High Dynamic Range (HDR) is a genre of photography which is best learnt through Trey Ratcliff’s video tutorials on HDR. Until a decade ago, not many people were aware of what is HDR, and why it should be used. Trey’s original thinking and experimentation with HDR revealed a whole new way of looking at photography, which made photographs real and surreal all at the same time.

From Trey’s “About Me” on his website stuckincustoms.com :

I grew up blind in one eye and this might have changed the way I view the world. I don’t know. It’s hard to be objective about the way one’s brain was wired. My background is in computer science and math, so I bring an algorithm-like process to capturing the scene in such a way that it evokes memories in a palpable manner. Whatever that means. My promise to you: one photo every day. This is very hard… to produce 365 photos that I think are worthy every year. I will probably break this promise about 10 times during the year, so it’s really not much of a promise.

Trey identified the limitations of the camera vis-a-vis the human eye, and found an easy solution to overcome that limitation: High Dynamic Range. The solution was to use a software that can tap into the different levels of exposures in different parts of a photograph, and across multiple photographs,  to combine them all to give the best exposure for each part of the scene – automatically (with a little tweaking from your side, ofcourse). Pretty cool, eh?

According to Trey:

The human eye can see so much more than a single shot from your camera! I say there is no need to accept the limitations of the camera. You can use the camera in a simple and innovative way to replicate what the eye can do. You’ll be using a combination of the camera and some software to achieve the final look.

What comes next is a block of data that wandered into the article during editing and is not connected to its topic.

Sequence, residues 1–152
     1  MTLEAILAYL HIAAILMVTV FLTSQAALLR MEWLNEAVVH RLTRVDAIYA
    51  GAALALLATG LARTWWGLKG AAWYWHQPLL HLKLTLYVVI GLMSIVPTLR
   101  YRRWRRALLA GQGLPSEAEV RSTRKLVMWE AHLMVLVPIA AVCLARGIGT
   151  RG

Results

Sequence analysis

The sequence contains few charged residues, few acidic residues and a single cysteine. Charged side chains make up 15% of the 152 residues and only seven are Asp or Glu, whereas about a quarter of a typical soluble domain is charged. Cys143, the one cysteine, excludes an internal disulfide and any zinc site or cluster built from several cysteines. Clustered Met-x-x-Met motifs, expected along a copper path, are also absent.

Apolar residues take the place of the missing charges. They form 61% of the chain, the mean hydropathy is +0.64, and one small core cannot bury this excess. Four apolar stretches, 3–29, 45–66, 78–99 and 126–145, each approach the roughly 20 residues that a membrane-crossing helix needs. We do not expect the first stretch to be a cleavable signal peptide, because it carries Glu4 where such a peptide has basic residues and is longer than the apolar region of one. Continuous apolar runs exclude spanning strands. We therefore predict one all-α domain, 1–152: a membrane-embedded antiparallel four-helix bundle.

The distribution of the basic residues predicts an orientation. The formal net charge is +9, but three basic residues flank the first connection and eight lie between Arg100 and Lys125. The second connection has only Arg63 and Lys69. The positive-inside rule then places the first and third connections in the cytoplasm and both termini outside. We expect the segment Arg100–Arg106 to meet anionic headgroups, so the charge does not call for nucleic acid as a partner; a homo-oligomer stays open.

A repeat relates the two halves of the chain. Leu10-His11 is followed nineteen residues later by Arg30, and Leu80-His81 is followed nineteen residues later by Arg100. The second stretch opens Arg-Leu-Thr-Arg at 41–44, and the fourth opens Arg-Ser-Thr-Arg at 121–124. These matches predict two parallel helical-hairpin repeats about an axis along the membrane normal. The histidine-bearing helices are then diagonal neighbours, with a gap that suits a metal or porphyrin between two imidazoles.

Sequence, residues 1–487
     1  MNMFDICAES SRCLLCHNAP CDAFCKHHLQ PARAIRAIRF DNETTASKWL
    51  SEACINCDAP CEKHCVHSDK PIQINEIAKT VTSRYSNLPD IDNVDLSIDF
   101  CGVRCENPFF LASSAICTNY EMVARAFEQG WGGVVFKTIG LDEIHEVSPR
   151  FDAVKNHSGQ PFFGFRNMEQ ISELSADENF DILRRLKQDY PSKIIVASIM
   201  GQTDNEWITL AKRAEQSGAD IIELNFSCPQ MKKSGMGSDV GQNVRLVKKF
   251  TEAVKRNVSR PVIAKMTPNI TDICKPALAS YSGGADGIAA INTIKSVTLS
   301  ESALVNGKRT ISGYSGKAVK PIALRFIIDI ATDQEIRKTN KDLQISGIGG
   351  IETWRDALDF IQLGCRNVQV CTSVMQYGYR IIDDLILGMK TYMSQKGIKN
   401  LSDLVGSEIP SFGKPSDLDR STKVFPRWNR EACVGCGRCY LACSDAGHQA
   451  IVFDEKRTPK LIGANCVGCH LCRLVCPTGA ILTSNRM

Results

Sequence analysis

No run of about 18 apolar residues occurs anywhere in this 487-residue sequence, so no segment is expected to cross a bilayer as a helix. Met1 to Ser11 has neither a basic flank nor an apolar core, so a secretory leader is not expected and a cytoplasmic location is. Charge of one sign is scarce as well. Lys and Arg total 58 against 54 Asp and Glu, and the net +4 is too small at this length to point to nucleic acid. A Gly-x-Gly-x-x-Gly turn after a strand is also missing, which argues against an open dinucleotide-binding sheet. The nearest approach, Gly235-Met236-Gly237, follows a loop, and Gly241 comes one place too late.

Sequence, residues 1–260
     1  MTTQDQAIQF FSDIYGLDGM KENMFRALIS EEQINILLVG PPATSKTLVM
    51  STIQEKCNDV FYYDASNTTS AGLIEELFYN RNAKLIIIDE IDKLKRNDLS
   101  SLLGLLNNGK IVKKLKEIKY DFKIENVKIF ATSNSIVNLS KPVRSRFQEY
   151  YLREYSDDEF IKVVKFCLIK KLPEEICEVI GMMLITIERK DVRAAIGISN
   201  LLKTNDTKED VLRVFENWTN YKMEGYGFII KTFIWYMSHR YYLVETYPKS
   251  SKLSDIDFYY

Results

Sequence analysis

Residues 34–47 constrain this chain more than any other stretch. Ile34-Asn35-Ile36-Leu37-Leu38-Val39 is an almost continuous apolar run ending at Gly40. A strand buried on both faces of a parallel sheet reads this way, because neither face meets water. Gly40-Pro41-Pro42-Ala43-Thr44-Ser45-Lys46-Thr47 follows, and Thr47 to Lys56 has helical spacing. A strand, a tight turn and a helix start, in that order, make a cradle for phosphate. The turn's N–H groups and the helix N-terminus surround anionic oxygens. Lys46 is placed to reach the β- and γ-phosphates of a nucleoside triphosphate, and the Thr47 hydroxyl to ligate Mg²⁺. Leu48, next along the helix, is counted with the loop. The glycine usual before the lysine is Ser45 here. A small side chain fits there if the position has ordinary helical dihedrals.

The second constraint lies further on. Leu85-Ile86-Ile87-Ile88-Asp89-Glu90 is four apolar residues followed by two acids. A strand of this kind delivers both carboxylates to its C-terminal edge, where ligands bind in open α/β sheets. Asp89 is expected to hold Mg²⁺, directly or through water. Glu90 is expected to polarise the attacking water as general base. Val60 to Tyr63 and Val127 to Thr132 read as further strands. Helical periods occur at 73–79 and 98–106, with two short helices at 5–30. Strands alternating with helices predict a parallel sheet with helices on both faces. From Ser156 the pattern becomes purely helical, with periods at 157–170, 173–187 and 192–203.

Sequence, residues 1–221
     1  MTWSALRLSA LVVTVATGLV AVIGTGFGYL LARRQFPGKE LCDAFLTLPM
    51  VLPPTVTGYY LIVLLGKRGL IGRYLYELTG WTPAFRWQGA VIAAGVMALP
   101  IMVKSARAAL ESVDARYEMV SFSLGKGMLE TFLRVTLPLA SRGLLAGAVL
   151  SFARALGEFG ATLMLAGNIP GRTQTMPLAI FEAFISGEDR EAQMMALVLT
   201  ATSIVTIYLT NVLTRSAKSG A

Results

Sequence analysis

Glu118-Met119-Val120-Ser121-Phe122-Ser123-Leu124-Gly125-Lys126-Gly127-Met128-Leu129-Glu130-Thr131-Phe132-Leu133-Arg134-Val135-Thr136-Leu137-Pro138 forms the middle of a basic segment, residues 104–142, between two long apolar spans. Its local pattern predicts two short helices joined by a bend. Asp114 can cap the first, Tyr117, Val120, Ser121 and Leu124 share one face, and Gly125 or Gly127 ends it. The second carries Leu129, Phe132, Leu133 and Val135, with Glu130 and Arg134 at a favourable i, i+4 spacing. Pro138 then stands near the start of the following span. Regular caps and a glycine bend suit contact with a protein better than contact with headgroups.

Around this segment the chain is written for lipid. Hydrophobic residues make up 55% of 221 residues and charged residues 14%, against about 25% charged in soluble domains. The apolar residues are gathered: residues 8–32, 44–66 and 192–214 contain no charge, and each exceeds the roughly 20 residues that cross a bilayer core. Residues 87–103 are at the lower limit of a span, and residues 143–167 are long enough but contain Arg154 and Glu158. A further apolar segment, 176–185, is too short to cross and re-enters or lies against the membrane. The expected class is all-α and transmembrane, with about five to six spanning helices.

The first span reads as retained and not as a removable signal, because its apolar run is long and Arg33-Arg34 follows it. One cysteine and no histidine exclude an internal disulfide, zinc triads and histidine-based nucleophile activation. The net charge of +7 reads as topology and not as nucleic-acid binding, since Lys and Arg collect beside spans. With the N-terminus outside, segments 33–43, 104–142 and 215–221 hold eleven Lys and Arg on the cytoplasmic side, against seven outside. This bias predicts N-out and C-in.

The human eye can see about 11 stops of light. A stop is a measurable amount of light. A camera can see about 3 stops of light. This means you’ll be setting up your camera to take multiple photos of a scene, all at different shutter speeds, so you get the full range of light. Don’t worry, it’s easy!

He made the entire process, easy, fun and doable. And that is really what most people usually need to get started on some project they want to do but are not sure if they can do it. He brought HDR into main stream photography.

Farewell India I had a truly wonderful time in India and I can't wait to return.  After spending most of the day exploring the Taj Mahal, I found a car to take me across the river.  The bridge was over 100 years old and crowded with every type of locomotion - from donkey to pull cart to bike.  After working my way down to the river, I found I could not quite get low enough to take the photo I wanted.  So, reluctantly, I took my camera off my tripod and buried it in the mud, about half an inch above the water.  I spent all night in the bathroom saying I was sorry to the camera... cleaning her up back into her old self once again.- Trey RatcliffClick here to read the rest of this post at the Stuck in Customs blog.



  • Don’t let any limitation become a limitation. This is the starting point of your creative play!
  • Be at it. Make a few promises to yourself & others which are doable, and at the same time can also be challenging occasionally, and keep your word to yourself.
  • Do whatever makes you feel fulfilled.
  • Share, share, share. The more you share your work with others, the more you overcome your own tiny fears and gain the ability to take big strides in life. All of Trey’s work is licenses under a Creative Commons license, allowing people to use his photos for non-commercial uses, with attribution. This gets him credit as well as good will and appreciation!
  • Don’t be afraid to be yourself.

Be Creative! 🙂

Categories: Creative

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